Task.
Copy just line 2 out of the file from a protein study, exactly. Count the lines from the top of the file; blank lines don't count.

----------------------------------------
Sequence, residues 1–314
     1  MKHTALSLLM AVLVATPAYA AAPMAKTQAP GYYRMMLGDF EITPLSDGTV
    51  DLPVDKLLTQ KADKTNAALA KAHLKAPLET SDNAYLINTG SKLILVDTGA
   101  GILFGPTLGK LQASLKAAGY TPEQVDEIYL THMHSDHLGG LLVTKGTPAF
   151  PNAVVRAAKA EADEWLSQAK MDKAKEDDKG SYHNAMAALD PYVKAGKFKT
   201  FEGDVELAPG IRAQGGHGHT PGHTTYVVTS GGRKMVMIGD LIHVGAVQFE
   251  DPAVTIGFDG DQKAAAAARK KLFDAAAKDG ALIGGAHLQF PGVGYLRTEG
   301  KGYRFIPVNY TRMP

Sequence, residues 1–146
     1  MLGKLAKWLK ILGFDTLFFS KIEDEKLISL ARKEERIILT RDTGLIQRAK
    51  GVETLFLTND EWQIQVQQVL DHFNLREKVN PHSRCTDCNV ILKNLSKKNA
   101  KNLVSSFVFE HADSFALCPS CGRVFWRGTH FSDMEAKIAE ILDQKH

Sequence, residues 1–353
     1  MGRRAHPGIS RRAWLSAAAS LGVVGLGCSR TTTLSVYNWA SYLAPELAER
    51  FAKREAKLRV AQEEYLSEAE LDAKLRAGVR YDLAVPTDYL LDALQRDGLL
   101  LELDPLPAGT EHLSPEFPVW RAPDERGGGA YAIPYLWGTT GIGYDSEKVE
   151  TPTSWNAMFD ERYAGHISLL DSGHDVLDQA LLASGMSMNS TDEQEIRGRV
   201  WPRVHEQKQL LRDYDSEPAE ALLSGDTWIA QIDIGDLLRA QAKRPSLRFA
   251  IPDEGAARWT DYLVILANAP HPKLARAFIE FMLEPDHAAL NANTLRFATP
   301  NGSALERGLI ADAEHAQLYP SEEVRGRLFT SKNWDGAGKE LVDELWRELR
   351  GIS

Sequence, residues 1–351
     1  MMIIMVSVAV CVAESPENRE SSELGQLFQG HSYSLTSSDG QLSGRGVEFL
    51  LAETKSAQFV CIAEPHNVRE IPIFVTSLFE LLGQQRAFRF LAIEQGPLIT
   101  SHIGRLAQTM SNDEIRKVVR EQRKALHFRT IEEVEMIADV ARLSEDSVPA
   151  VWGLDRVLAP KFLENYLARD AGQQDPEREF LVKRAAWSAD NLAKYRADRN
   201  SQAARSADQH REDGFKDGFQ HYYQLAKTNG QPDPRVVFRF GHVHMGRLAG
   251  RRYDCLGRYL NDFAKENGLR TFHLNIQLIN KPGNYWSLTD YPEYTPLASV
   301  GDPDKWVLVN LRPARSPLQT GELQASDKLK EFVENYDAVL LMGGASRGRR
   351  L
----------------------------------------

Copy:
     1  MKHTALSLLM AVLVATPAYA AAPMAKTQAP GYYRMMLGDF EITPLSDGTV